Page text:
03/19/2015 12:28 EDT | Updated 05/19/2015 05:59 EDT

Damages award for hockey punch survives bankruptcy, Ontario's top court rules

TORONTO - A recreational hockey player who broke another player's jaw in retaliation for a high-sticking remains on the hook for damages even though he went bankrupt, Ontario's top court has decided.

That means Matthew Best is now liable for interest and $7,500 in legal costs in addition to the $38,000 in general damages he was ordered to pay Randy Leighton and his wife back in 2009.

The case arose out of a gentlemen's hockey tournament in North Bay, Ont., in February 2004, when Leighton accidentally high-sticked Best, a former junior player, in the face and knocked his tooth out.

Leighton, then 34, circled back to apologize but instead, the two players began yelling and jostling. They dropped gloves. Best, then 23, ripped Leighton's helmet off and punched him once in the face, breaking his jaw in three places.

The six-foot-three Leighton, a soldier trained in hand-to-hand combat, lost three teeth, needed three rounds of dental surgery, had his mouth wired shut and lost 25 pounds.

In awarding him $35,000 in damages and $3,000 to his wife, the trial judge rejected any consent to the injury on Leighton's part, concluding that Best's conduct was "unusual and beyond the scope of the ordinary standards" applicable to the gentlemen's hockey tournament.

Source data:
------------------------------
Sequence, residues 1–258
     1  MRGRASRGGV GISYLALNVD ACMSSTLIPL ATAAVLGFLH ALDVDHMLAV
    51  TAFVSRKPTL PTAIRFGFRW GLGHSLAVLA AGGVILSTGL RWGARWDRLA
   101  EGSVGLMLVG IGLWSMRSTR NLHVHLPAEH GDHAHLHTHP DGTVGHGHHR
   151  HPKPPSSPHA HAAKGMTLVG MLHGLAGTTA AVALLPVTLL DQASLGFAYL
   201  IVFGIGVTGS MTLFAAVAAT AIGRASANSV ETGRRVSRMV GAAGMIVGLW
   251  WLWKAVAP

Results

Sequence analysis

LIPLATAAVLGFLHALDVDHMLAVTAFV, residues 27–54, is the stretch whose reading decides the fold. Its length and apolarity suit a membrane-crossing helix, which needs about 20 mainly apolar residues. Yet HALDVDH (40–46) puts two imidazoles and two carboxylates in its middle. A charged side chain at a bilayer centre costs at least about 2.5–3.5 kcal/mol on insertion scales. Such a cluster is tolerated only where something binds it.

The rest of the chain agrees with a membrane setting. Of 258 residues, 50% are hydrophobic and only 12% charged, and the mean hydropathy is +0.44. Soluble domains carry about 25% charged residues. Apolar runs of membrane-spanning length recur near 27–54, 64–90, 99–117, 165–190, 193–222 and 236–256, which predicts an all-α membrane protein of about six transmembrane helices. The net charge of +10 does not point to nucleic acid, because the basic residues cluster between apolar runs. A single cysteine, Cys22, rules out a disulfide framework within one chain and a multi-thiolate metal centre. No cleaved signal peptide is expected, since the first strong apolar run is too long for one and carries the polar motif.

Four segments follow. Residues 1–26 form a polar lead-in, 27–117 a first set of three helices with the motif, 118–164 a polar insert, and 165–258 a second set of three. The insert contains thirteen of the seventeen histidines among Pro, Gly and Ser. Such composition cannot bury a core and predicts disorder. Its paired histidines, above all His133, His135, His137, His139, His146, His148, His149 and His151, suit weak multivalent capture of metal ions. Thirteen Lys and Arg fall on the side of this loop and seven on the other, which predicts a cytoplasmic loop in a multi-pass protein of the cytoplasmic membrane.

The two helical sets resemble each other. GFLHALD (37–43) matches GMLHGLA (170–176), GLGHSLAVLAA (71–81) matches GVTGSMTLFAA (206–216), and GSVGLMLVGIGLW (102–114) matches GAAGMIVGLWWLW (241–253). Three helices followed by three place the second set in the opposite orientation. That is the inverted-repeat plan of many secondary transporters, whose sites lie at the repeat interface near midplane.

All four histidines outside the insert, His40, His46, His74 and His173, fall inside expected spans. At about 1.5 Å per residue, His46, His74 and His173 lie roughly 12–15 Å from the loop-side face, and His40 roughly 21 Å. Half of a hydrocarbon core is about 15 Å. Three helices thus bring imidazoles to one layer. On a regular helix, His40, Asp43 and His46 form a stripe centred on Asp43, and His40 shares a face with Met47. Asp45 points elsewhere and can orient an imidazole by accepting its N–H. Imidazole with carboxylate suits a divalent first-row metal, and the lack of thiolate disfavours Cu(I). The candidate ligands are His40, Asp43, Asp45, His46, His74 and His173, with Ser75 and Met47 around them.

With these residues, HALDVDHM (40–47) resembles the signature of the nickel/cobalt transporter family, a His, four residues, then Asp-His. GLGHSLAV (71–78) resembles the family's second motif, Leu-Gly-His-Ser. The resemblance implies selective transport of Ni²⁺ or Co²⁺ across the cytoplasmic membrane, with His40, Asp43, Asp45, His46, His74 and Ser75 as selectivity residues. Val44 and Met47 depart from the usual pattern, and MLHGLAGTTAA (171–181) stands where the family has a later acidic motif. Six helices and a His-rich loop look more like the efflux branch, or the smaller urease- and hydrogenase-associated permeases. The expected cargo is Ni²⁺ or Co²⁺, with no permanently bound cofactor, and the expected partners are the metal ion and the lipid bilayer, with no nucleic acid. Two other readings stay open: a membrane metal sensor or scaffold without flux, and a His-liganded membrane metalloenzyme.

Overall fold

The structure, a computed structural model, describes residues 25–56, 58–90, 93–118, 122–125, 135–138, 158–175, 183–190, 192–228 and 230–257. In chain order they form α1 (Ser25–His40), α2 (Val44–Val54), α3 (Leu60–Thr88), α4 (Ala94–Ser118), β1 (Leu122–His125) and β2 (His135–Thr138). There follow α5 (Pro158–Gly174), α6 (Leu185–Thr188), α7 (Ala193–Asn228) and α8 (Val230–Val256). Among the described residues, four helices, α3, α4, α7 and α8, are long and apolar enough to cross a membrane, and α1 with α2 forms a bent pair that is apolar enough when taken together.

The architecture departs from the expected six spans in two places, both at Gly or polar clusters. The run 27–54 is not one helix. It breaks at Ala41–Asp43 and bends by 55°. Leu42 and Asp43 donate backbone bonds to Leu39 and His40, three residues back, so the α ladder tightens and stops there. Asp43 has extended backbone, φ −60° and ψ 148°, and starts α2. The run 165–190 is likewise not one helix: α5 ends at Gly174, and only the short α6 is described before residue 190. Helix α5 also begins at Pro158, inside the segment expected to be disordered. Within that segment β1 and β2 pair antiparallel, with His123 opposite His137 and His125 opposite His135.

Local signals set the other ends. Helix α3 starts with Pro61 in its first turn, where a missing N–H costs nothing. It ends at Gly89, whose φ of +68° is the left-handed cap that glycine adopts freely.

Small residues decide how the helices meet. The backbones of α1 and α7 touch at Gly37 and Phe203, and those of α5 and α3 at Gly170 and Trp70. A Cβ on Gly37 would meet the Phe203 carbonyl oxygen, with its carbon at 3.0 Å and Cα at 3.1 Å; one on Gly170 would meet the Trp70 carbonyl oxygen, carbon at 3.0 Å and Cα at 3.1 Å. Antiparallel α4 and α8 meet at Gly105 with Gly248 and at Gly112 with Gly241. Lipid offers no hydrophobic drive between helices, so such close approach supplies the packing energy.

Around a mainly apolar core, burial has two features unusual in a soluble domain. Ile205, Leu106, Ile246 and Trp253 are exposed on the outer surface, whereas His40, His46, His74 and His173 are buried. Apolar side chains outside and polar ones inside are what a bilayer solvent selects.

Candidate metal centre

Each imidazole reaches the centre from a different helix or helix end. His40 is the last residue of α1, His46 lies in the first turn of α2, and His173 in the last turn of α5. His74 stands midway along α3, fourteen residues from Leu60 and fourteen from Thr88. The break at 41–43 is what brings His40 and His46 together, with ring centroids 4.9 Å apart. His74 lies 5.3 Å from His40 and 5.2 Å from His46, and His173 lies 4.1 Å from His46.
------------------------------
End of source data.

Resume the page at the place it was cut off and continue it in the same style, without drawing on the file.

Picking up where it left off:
However, before forking over the money, Best went bankrupt. He brought a legal motion arguing his bankruptcy released him from his damages obligation.

The motion turned on whether Best had intentionally inflicted bodily harm on Leighton, which, under the Bankruptcy Act, would have ensured the damages award survived the insolvency.

In a decision in September 2013, Superior Court Justice James Wilcox expressed the view that Best should not have to pay "lifelong penance for what was one punch" thrown in the heat of the moment.

"It has not been proven that there was intent to inflict bodily harm," Wilcox said.

In its unanimous decision, the Ontario Court of Appeal this week disagreed with Wilcox.

Among other things, the court noted the original trial judge had concluded Best had thrown the punch intentionally.

"The inference that (Best) intended to cause significant bodily harm is inescapable," the court said.

"The fact that there was only a single punch does not preclude the finding that (he) intended to, and did, cause bodily harm to (Leighton)."

As a result, the Appeal Court said, what Best did put the damages award against him within the exception of the Bankruptcy Act — meaning he still has to pay.